The Chris Paddack-Pete Alonso beef is about to make this an NL Rookie of the Year race for the ages
Every year, the MVP and Cy Young Awards get horserace coverage on a monthly -- or even weekly -- basis. They're the biggest individual trophies in baseball, and they get treated as such: Thousands of words and hours of television are devoted to speculating and opining on who should win the awards.
The Rookie of the Year Awards are a bit different. It takes time for any first-year player to adjust to life in the Majors. Plenty of contenders don't even arrive in the Majors until months into the season, and most are starting from a place of relative anonymity.
But this year feels different. The National League boasts two rookies who don't just look like ROY favorites -- they look like two of the best players in baseball. They're Padres starting pitcher Chris Paddack and Mets first baseman Pete Alonso, they've got some beef, and their rivalry is set to make this awards season incredibly fun.
The National League Rookie of the Month
Alonso was named NL Rookie of the Month for April after hitting 9 dingers with a 1.024 OPS. Paddack -- who had a 1.91 ERA for the month -- seemed to feel a bit slighted. As the Padres prepared to face the Mets in early May, he made it known that the race was on: “Does he deserve [the Rookie of the Month honor]? Absolutely," Paddack told the Athletic. "But I’m coming for him. We’ll see Monday who the top dog is."
“Do I wish it was me? Yeah. But the way I look at it is, do you want to be Rookie of the Month or Rookie of the Year? We’ll see, man."
Paddack got his first shot on May 6, and he backed up his talk by striking the slugger out in his first two at-bats -- and making no secret that he was fired up.
Of course, it could have died there. But after an 0-for-3 night, Alonso only added a little fuel to the fire.
“I'm happy to win [the Rookie of the Month]," Alonso added. "If he was mad about that, there's five other months. … Also, he said something about winning the Rookie of the Year. That would be nice, but I'm trying to win a World Series.”
Alonso's teammate (and 2014 NL Rookie of the Year) Jacob deGrom also weighed in. What did he think of Paddack, who racked up 11 strikeouts in 7 2/3 shutout innings? “His stuff was OK.”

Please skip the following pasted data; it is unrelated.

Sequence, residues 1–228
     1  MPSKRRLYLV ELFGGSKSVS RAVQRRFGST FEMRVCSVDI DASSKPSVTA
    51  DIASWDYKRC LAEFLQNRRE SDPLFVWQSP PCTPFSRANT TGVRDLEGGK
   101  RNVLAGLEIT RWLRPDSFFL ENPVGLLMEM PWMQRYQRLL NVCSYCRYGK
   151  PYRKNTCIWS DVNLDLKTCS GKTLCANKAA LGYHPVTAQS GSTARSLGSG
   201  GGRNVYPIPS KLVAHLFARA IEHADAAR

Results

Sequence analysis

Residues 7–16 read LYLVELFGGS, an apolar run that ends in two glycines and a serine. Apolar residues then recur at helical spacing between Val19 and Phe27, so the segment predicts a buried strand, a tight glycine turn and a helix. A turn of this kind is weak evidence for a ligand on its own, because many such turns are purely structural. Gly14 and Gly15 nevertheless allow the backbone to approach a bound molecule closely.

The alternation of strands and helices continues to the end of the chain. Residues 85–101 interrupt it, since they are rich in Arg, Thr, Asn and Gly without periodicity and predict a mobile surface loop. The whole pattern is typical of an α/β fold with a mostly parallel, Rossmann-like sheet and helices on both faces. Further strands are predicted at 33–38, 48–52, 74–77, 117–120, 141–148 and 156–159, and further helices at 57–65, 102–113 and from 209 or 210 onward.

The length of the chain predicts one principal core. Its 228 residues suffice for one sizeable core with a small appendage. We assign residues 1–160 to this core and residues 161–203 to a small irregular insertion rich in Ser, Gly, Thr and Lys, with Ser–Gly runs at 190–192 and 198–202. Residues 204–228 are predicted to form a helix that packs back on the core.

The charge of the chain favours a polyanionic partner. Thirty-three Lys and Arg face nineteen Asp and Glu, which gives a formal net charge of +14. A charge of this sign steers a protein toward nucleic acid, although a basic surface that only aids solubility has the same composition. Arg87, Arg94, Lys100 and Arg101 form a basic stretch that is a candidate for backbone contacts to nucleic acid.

If you're looking for a model of how to make for compelling beef, this is how it's done. For those keeping track at home, the Paddack-Alonso rivalry went from a dispute over the April NL Rookie of the Month Award -- the NL Rookie of the Month Award! -- to jockeying for Rookie of the Year to winning the World Series, all in the course of about 24 hours.
The Mets and Padres will only meet once more this season, a three-game series in New York from July 23-25, so it's possible the two won't face each other again before the NL Rookie of the Year is named. But thanks to the wonders of the internet, their high-quality beef is still going to send this race into hyperdrive.
Last season's race for NBA Rookie of the Year between the Sixers' Ben Simmons and the Jazz's Donovan Mitchell reached a fever pitch despite the two facing each other in just two early-season games. That was thanks to Mitchell aggressively campaigning for himself on the platform that Simmons wasn't a "real rookie" after sitting out his first year in league with a foot injury.
Donovan Mitchell’s hoodie though lmao 👀 pic.twitter.com/VFbeugz77i— Complex Sports (@ComplexSports) April 10, 2018
By the end of the season, it seemed that every player in the league had publicly taken a side. Almost an entire season remains for baseball players to do the same. Baseball reporters need to approach this like they're covering Congress: Every player should be asked to go on the record.
In addition to the potential Paddack-Alonso July matchup, there are five more Rookie of the Month honors to be handed out. If they prove to be anything like the first, this beef could well reach Simmons-Mitchell levels. Let's hope it does, because the NL Rookie of the Year race is already shaping up to be a fun one to watch.
Eric Chesterton is a writer for MLB.com. He is an appreciator of the stolen base, the bunt against the shift and nearly every unconventional uniform design. He eagerly awaits Jamie Moyer's inevitable comeback.